Small-Molecule Covalent Modification of Conserved Cysteine Leads to Allosteric Inhibition of the TEAD⋅Yap Protein-Protein Interaction

Khuchtumur Bum-Erdene, Donghui Zhou, Giovanni Gonzalez-Gutierrez, Mona K. Ghozayel, Yubing Si, David Xu, Harlan E. Shannon, Barbara J. Bailey, Timothy W. Corson, Karen E. Pollok, Clark D. Wells, Samy O. Meroueh

Research output: Contribution to journalArticle

13 Scopus citations

Abstract

The Hippo pathway coordinates extracellular signals onto the control of tissue homeostasis and organ size. Hippo signaling primarily regulates the ability of Yap1 to bind and co-activate TEA domain (TEAD) transcription factors. Yap1 tightly binds to TEAD4 via a large flat interface, making the development of small-molecule orthosteric inhibitors highly challenging. Here, we report small-molecule TEAD⋅Yap inhibitors that rapidly and selectively form a covalent bond with a conserved cysteine located within the unique deep hydrophobic palmitate-binding pocket of TEADs. Inhibition of TEAD4 binding to Yap1 by these compounds was irreversible and occurred on a longer time scale. In mammalian cells, the compounds formed a covalent complex with TEAD4, inhibited its binding to Yap1, blocked its transcriptional activity, and suppressed expression of connective tissue growth factor. The compounds inhibited cell viability of patient-derived glioblastoma spheroids, making them suitable as chemical probes to explore Hippo signaling in cancer. A small molecule that forms a covalent bond with a conserved cysteine within the palmitate binding pocket of TEADs was found to inhibit the TEAD⋅Yap protein-protein interaction through allostery. The compound inhibited TEAD transcriptional activity in mammalian cells and blocked patient-derived glioblastoma cell viability.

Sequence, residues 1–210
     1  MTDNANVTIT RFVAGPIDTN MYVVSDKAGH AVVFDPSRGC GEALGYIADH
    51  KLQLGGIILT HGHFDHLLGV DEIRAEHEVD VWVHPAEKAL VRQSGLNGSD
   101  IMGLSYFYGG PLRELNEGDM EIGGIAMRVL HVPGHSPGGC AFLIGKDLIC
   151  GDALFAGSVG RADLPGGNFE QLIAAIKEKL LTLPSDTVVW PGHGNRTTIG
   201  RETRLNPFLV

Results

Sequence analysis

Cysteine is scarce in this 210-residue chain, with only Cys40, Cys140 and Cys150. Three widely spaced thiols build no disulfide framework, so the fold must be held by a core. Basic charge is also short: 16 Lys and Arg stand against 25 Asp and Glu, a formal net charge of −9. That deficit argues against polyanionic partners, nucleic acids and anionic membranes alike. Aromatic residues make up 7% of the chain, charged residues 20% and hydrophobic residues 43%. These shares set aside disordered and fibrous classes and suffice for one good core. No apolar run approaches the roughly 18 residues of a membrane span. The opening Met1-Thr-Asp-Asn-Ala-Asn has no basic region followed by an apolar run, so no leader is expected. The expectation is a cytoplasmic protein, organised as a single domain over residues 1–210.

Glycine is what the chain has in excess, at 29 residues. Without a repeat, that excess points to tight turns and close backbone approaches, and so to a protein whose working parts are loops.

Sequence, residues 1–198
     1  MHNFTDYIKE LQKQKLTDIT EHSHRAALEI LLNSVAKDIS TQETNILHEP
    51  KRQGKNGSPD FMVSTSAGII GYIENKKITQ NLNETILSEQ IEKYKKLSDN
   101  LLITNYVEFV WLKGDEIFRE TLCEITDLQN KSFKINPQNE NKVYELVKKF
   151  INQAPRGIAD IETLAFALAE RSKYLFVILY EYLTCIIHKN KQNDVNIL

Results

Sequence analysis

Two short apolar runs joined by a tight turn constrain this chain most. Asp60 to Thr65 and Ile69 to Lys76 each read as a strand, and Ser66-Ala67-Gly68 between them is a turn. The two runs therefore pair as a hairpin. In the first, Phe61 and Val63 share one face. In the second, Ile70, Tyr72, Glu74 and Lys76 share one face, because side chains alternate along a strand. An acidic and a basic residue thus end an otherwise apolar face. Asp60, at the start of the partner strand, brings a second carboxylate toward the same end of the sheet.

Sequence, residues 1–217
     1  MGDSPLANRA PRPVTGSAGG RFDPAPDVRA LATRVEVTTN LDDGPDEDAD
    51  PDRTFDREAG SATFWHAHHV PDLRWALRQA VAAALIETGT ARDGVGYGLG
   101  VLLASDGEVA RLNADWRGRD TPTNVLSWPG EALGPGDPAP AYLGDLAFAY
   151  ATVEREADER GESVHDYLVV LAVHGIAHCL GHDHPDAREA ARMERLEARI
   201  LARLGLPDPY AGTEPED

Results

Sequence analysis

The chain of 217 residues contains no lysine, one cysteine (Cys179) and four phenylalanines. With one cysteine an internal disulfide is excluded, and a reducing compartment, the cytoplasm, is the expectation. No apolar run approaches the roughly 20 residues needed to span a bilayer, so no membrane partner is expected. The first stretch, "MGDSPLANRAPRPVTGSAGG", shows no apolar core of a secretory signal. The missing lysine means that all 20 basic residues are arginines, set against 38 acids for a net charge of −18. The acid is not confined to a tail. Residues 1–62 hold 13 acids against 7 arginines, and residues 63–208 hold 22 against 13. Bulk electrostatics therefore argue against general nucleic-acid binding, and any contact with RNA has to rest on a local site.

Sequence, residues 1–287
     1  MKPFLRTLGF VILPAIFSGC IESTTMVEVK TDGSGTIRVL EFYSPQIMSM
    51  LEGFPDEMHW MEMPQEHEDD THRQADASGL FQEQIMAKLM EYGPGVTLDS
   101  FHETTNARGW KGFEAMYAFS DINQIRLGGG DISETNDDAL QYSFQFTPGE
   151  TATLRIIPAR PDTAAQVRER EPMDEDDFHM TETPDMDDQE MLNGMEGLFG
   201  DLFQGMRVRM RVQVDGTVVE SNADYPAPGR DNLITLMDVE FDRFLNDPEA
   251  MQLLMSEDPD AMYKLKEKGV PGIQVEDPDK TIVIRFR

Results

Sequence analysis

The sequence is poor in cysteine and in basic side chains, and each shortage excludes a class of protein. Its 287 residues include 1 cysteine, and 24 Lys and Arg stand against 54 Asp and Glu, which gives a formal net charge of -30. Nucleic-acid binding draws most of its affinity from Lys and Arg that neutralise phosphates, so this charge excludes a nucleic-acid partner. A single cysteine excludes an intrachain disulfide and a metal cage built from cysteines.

Original languageEnglish (US)
Pages (from-to)378-389.e13
JournalCell Chemical Biology
Volume26
Issue number3
DOIs
StatePublished - Mar 21 2019

Keywords

  • Hippo signaling
  • TEAD transcription factor
  • Yap co-activator
  • allosteric inhibitors
  • covalent inhibitors
  • protein-protein interaction inhibitors
  • small-molecule inhibitors

ASJC Scopus subject areas

  • Biochemistry
  • Molecular Medicine
  • Molecular Biology
  • Pharmacology
  • Drug Discovery
  • Clinical Biochemistry

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